Multiple dozen people have contributed packages over the years, but almost none of those are actively maintaining the packages. That's the issue with accepting community packages, everyone then expects us to be obligated to maintain anything that anyone ever submitted. If everyone who contributed packages at some point would maintain them, things would be great. That's far from the case though.

Things will improve significantly with the switch to pkgng from a maintenance perspective, for some of the reasons marcelloc noted. And we'll differentiate or classify packages in the future in some manner. Things we support and maintain ourselves, and things from a community contributor who may disappear tomorrow and whose packages may be removed if left unmaintained. People will still moan and complain if they're removed or have issues, but hopefully that at least sets people's expectations more appropriately.

The most important thing is - read the upgrade notes before you upgrade. If you're affected by something noted there (and those are continually updated post-release as things change), then make sure you take the appropriate precautions or mitigations, or in rare instances where you can't upgrade at the moment, hold off until the next release.
https://doc.pfsense.org/index.php/UpgradeGuide#pfSense_2.2_Upgrade_Notes

Offline jimp

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Re: Given up on 2.2
« Reply #28 on: January 30, 2015, 11:10:10 am »
- And frankly, "packages are now in full control of the dev team" is exactly what did NOT help.

It may not help with debugging, but from a security standpoint it's essential.

The package binary builds are done by us (and signed by us) so that assurances can be made that they are:
1. Perfectly repeatable, not requiring any manual "hocus pocus" by a dev on his personal build box or patches that aren't in the repo source for all to see
2. Originating from our build servers, and not someone's random server in their house (that could have been hacked/compromised/infected/etc)
3. Signed by us to verify their origin
4. Hosted on our servers. We've had developers servers disappear before leaving packages broken.

In olden times, if someone cloned the packages and tools repo there was -no- way they could actually generate a set of binary packages from it with any hope of working. Now, if someone clones the repos and runs the package pbi build script they (in theory) can end up with the exact same set of packages we have on our servers. +/- changes in the ports tree between runs.

So it may be tougher to debug/develop "live" in the public packages repository, but overall it's better. It requires someone on our end to kick off pbi builds as needed and merge pull requests, but it's good to have those reviewed, too.

Because it's so easily repeatable, it's also better for developers to build and test locally, so they can know it will work the same for everyone once it is committed, built, and available for everyone.

PBIs on 2.2 are kind of a bust though. pkgng will be better, but by the time pkg came along, it was too late to get into 2.2.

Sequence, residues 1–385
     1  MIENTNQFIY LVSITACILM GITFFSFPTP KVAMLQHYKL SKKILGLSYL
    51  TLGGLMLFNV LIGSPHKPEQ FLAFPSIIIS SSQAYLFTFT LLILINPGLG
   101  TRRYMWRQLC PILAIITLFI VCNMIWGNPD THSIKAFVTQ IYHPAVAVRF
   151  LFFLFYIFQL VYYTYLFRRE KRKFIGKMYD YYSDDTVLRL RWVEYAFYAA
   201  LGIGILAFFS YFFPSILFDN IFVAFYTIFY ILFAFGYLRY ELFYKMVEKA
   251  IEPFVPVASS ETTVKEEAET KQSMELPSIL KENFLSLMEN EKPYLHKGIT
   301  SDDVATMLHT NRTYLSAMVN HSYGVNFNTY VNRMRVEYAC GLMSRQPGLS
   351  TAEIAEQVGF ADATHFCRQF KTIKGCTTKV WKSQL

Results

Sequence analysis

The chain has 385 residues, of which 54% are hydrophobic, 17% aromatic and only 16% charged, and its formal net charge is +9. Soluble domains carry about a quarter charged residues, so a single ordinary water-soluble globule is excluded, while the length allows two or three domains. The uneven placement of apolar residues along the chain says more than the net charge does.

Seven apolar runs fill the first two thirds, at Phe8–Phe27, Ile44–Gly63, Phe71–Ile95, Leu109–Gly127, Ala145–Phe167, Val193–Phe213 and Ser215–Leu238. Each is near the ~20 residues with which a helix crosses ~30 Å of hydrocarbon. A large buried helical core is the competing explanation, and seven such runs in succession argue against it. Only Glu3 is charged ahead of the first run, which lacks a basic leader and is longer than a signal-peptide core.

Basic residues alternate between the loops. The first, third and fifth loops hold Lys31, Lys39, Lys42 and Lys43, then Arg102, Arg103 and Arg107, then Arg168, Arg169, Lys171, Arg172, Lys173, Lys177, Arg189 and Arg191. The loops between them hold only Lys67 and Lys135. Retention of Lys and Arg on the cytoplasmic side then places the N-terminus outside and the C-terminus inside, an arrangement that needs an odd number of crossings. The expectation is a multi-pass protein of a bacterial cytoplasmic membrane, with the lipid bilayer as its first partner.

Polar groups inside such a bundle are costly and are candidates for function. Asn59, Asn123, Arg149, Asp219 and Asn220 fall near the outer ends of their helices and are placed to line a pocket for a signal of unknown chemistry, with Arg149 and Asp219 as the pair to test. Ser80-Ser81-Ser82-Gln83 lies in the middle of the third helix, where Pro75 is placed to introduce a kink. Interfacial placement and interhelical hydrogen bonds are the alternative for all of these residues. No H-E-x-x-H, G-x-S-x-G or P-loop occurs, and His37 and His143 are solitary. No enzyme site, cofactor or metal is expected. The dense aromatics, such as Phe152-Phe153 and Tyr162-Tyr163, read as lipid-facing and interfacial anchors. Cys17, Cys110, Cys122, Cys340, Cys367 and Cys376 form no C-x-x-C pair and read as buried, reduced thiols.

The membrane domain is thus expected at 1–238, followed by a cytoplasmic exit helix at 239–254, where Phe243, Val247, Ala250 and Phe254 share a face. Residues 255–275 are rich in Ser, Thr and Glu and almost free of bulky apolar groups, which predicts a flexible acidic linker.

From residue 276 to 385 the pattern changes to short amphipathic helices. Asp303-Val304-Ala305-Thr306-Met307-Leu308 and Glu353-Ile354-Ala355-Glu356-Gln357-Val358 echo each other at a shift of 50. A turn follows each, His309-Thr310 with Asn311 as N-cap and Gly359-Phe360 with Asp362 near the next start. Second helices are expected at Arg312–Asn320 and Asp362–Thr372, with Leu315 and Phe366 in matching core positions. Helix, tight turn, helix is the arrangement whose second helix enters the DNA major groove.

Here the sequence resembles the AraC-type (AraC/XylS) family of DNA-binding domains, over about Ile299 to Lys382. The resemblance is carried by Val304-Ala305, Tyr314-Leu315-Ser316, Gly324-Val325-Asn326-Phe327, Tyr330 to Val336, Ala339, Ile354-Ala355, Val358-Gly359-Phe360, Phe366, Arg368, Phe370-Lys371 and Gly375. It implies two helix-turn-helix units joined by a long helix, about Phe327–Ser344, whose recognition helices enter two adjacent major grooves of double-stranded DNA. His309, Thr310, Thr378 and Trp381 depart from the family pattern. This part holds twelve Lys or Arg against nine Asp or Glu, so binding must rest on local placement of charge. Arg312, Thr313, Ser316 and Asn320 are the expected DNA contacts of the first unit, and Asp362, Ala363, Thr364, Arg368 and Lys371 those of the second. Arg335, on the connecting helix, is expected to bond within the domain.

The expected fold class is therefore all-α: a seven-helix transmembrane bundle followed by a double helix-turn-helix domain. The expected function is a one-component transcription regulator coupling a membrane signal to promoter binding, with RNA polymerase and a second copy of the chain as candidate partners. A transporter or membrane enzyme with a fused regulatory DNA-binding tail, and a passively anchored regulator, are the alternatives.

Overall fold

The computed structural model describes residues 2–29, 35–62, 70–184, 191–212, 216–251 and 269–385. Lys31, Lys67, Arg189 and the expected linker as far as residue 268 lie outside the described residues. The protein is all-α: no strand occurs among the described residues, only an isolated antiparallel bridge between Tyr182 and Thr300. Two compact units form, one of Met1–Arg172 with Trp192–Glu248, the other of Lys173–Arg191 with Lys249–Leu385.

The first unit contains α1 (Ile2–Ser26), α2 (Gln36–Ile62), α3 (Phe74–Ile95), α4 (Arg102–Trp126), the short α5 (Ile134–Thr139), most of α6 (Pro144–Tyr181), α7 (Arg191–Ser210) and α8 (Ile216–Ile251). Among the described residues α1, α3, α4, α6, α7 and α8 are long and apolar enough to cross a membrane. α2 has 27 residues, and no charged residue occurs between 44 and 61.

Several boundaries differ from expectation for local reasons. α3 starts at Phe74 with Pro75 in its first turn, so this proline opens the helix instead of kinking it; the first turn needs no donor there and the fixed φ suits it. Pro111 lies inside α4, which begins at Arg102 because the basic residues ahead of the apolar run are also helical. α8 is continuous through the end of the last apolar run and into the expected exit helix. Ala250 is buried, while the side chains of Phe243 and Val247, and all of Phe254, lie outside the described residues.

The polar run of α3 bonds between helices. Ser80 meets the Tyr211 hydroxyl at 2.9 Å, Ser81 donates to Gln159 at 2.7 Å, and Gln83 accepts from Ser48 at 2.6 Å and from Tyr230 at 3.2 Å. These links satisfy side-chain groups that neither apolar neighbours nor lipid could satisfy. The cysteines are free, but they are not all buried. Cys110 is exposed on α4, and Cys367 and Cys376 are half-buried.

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Offline Cino

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Re: Given up on 2.2
« Reply #29 on: January 30, 2015, 12:35:40 pm »
The most important thing is - read the upgrade notes before you upgrade. If you're affected by something noted there (and those are continually updated post-release as things change), then make sure you take the appropriate precautions or mitigations, or in rare instances where you can't upgrade at the moment, hold off until the next release.
https://doc.pfsense.org/index.php/UpgradeGuide#pfSense_2.2_Upgrade_Notes

I couldn't agree with you more! I read the release notes and planned ahead.. https://forum.pfsense.org/index.php?topic=87365.msg479666#msg479666

I've been in the IT field for too long to know upgrades can and will have issues. You have to plan for this.. Since I use a few packages and didn't want to upgrade without knowing they worked. I fired up a VM of 2.2RC and started to test the waters... If I found issues, I would try to see if I could fix it somehow and open up a bug report. In that report I would provide what is broke, logs, and how I was able to temporary correct it; in case it helps the developer make a permanent fix the issue. 

Knowing who some of the community packager maintainers are (marcelloc, bbcan117, bmeeks to name a few: Thank you for all your hard work!!),  I'll reached out to them to see if I could assist with testing.  I'm no programmer but I sure can beat the crap out of programs and hardware. Oh, and I suggest a few bells and whistles to improve it (ask bbcan117, poor guy gets no sleep because of me).

Yeah there are days I want to bitch on the forum for something not working, or a change happen without a RFC... But in the end, it gets you no where. Open a bug report, reference that bug report on the forum and move on.. Check back in a couple of days... Not 30 minutes...

ok back to work for me

Stephen